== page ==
23 May 2009

Posted by DMC on 23 May 2009 in Diary |

A quiet day at home after all the birthday excitement.

I decided to listen again to a very interesting discussion which it taken place on Radio 4. (Saturday 16 May) in the Unreliable Evidence series – entitled The Law and Death.

The subject matter was of particular interest to me as it dealt with the practicalities, morals and ethics of assisted suicide. Not that I am contemplating doing away with myself in the immediate future but there may well come a time as the disease progresses.

The discussion was led by Clive Anderson (CA) and I have paraphrasing those parts of it which are relevant to me and perhaps to other sufferers who might reach a point in time when they would rather die than continue in their present condition. I should stress that I have transcribed as faithfully as I can what the particular participants said. I have deliberately not put these comments in quotes as, due to my own physical limitations, I find almost impossible to write and therefore may not have recorded precisely every single word correctly.

It was such an interesting and relevant discussion that I was hoping to be able to include it as a permanent Link to this blog but having spoken to the office of the producer of this programme it was explained to me that there are all sorts of complications of copyright etc or with the BBC.

However having said that their kind lady from the producers office very kindly offered to send me a CD of the programme and said that it would be perfectly in order for me to copy this to others. Any reader therefore who would like a copy of the full discussion, if they would send me a CD stamped and addressed envelope I will happily burn a copy for them.

My address is Lantern Thatch, Wicken Road, Clavering, Essex CB11 4QT

The participants were Lord Bingham (LB), erstwhile Lord Chief Justice and senior Law Lord; Sir Ken Macdonald QC (KM), past Director of Public Prosecutions: Philip Havers QC (PH), who represented Diane Pretty and Alistair ?, The Official Solicitor (OS).

CA started the discussion by considering what the law said about going to Switzerland, which permits or even encourages assisted suicide.

The panel were specifically invited to consider this issue in relation to the Diane Pretty case and express a view as to the legal authorities on the agonizing decision involved and comment on whether they considered the law needed clarifying on the right to die.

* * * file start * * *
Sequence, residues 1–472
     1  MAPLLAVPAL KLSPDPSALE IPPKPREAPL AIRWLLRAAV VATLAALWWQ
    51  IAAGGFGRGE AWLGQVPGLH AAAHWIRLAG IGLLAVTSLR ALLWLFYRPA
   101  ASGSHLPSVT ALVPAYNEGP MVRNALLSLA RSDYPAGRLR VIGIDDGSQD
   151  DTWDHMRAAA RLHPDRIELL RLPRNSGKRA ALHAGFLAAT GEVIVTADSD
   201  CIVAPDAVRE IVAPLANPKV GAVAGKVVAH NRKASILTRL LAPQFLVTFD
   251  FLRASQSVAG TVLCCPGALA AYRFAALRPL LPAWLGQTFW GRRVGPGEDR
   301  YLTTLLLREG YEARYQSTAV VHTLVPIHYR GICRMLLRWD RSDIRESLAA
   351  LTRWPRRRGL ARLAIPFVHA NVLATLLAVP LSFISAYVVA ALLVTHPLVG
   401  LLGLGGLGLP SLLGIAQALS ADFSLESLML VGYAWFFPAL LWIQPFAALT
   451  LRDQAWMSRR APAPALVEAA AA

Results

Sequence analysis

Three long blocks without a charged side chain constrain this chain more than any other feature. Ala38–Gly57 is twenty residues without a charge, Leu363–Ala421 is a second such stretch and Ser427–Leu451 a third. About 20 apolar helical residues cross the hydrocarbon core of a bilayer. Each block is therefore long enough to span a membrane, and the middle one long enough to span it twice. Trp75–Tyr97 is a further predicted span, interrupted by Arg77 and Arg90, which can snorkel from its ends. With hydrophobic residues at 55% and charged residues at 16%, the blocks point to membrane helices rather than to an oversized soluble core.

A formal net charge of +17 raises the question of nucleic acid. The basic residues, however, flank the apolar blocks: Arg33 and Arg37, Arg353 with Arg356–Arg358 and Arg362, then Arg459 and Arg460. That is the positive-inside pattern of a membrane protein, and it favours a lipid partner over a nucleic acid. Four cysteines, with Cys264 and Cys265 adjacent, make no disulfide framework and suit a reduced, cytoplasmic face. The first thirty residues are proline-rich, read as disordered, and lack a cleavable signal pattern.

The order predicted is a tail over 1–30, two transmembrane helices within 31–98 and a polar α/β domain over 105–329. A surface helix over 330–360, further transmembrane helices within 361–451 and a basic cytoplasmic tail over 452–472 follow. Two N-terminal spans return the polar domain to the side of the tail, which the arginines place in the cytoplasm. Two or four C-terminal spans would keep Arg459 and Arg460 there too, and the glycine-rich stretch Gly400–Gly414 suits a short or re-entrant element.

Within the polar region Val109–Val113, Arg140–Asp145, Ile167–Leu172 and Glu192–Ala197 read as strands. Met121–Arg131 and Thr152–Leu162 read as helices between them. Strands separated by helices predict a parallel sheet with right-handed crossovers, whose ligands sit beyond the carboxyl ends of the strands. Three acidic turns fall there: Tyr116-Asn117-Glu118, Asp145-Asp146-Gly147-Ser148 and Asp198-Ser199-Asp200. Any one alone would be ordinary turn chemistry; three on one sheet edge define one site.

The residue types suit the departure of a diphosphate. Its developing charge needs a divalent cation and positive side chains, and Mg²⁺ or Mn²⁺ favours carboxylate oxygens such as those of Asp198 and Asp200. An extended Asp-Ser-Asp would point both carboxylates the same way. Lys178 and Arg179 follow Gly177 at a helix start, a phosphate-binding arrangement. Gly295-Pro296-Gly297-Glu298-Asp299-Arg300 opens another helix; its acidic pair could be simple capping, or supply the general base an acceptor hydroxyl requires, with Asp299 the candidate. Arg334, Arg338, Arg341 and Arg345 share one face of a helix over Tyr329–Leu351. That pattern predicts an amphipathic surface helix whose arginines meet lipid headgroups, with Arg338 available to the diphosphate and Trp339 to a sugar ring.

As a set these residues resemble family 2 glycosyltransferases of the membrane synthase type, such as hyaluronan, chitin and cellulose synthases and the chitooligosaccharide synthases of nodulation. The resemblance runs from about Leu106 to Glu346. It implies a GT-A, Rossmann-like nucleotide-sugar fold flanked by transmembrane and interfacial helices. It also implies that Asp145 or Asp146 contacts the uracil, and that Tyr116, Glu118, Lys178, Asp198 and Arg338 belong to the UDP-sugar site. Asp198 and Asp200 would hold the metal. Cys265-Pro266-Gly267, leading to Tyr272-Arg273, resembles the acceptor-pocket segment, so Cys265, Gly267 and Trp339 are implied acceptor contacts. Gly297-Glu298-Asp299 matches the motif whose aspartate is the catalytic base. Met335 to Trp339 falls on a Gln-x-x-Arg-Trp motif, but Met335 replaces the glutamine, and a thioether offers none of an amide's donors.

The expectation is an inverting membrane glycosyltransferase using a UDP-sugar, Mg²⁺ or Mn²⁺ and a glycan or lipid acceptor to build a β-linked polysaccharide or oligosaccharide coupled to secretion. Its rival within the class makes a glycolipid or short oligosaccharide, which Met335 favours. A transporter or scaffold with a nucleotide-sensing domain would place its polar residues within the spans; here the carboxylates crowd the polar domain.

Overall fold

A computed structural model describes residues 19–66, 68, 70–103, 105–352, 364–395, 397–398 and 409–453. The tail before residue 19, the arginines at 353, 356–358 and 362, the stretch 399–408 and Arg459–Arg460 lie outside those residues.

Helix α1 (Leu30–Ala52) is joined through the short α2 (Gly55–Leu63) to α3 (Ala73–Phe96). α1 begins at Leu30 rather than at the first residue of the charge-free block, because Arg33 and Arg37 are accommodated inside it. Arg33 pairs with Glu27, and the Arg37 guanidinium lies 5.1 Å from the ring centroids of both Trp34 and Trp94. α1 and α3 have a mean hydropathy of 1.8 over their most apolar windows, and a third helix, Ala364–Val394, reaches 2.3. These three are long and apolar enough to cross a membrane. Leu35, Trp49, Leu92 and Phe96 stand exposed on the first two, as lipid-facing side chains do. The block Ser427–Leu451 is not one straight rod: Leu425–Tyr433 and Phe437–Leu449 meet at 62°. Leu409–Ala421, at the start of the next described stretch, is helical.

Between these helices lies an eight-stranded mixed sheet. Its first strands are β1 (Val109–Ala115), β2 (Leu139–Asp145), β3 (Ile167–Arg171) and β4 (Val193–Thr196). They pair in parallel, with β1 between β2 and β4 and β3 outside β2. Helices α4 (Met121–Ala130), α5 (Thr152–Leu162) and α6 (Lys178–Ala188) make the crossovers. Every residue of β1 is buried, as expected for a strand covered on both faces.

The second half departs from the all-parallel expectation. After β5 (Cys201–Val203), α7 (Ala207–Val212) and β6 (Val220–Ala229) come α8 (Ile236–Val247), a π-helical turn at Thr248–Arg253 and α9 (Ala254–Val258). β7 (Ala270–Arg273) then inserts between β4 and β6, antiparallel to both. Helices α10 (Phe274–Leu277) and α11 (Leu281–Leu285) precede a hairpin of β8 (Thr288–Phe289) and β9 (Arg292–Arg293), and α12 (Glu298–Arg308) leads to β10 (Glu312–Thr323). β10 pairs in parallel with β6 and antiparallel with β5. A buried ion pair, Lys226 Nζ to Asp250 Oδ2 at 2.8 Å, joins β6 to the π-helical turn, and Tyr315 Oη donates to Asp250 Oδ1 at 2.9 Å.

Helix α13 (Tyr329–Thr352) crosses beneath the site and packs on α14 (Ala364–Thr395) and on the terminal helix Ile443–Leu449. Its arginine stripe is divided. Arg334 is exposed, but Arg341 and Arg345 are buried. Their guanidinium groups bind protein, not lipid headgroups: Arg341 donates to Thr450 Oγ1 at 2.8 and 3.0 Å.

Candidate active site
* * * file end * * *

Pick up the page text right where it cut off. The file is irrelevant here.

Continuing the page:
CA reminded us that Diana Pretty had suffered from MND and sought a decision from the DPP to say he would not prosecute her husband if he were to take her to Switzerland for assisted suicide.

Said the case was not satisfactorily resolved. He thought it a disappointing result as although she could have lawfully committed suicide, had she been able to do so physically, the very disease that led her to want to end her life prevented her from doing so and, as the law made it a criminal offence to assist someone to commit suicide, she was unable to do that which she would otherwise have been able to do. The law let her down.

To KM. If you get your husband, or a relative, to help you, can the DPP say I will not prosecute? But you are reluctant to give that undertaking in advance.

It’s difficult, if not legally impossible, to given immunity from prosecution in advance, which is what I think Mrs Pretty was asking.

Debbie Purdy, in contrast, was asking for clarification about the circumstances in which the discretion would be exercised, one way the other. She had MS and wanted to clarify the suicide law.

There is a two stage test for decision to prosecute cases. The first stage is, is there sufficient evidence to point to a realistic chance of conviction?. If there is, then would such prosecution be in the public interest; and this second stage has always been extremely important.

The first stage does not really apply if someone says it is something that they really wanted to do, i.e go to Switzerland or pass me the pills, etc. – would this be against the law and prosecuted as a criminal offence?

Sometimes, in these cases the evidential stage was not passed and, when it became matter of public interest, as indeed it was in the case of Daniel James (the young rugby player who was severely injured and who wanted to die but was not terminally ill). His parents took him to Switzerland and the DPP office decided it was strongly against public interest to prosecute them.